Fantastic post from Holly Lisle on writing characters you can respect:
“You have to write the people who resonate with YOU. My heroines—like me—understand that bad shit can happen at any time, and they are determined from the first that if survival is possible, they will survive, and if survival is not possible, then they will not die cowering in a corner waiting for the rescue that never comes. And like me, they understand this because bad shit has already happened. And because they learned WHY you don’t wait for rescue—you save yourself. And because they have learned to value their own lives, not for what their lives mean to other people, but because of what their lives mean to them.”
Incidentally, I recommend reading the comments, as well. Very interesting stuff.
Regarding characters, here’s what I know at the moment, as I contemplate my current project and my next novel: I don’t want my heroes and heroines to be the same every time, or little more than variations on a theme. As a writer, it concerns me that could be the case, that a sense of “sameness” could be settling in on the work I produce. To some degree, it’s inevitable. Every writer has a resonating archetype from which they create (Holly and I share a certain survival instinct, though I’m willing to put on heels, every now and then), and every writer is the product of a unique set of circumstances that shape an individual view of the world that cannot help but influence one’s deepest creative decisions.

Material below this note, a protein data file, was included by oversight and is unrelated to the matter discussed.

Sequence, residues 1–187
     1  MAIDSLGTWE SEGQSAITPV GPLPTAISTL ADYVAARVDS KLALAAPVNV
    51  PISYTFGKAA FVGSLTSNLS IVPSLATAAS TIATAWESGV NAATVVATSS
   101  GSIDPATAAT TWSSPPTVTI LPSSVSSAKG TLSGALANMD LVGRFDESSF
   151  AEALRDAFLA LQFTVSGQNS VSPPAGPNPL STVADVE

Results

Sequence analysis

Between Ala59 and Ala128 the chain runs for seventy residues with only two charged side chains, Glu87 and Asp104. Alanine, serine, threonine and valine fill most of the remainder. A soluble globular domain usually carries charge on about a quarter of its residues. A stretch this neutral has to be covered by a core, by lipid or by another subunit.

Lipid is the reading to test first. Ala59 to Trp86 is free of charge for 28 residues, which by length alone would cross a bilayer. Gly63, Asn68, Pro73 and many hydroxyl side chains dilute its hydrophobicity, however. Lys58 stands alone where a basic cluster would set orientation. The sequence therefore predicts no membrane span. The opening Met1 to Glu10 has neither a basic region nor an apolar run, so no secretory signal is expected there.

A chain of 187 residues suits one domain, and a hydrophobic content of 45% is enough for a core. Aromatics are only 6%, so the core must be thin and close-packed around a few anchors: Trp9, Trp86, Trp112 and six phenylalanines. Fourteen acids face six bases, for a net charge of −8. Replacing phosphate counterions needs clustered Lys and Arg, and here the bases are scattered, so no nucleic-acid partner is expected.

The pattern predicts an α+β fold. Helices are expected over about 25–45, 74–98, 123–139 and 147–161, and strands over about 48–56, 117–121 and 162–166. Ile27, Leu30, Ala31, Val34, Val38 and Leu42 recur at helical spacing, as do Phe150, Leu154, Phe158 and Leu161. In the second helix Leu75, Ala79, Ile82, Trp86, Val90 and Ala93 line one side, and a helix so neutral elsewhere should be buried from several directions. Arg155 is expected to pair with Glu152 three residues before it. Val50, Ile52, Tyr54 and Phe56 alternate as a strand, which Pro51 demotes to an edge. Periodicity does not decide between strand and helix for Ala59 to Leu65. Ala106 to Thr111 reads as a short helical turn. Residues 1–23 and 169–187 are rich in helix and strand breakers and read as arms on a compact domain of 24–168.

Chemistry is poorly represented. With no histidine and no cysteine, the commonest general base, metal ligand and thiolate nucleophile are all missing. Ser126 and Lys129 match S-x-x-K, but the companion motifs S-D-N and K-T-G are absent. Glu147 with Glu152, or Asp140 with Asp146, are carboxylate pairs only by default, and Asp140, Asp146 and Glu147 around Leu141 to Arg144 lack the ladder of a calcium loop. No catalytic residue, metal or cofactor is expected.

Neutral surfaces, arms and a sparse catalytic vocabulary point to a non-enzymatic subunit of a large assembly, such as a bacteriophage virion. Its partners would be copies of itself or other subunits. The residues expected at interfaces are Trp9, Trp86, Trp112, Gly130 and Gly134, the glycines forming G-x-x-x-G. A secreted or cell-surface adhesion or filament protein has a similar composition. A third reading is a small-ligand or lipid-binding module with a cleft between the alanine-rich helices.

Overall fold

And yet, one can still write a character who resonates truthfully with those views and archetypes—a character whose existence satisfies that impulse inside the writer—while still being unique and going against the grain of what has come before. It simply requires more effort, and a stubborn refusal to take the easy way out and fall back into comfortable habits, comfortable personalities, comfortable outcomes.
Don’t get me wrong: comfort is nice. I love being comfortable. Everyone does. Comfort has an important role in the telling of a story. But in life, it’s not the comfortable times that people usually remember and talk about: challenges and challengers, overcome and understood, are what linger over the fire.
Which is my rambling way of saying that yes, write characters who resonate with you, because you’ll be living with them forever; but don’t get complacent, either. Push yourself to do more with your personal archetypes. Grant yourself permission to go deep into painful, uncomfortable places. Don’t worry about anything except for what you know to be true in your gut. You can’t make a mistake when you write. You just can’t.
(Well, maybe you can—but the point is, that’s what revisions and the delete button are for, right?)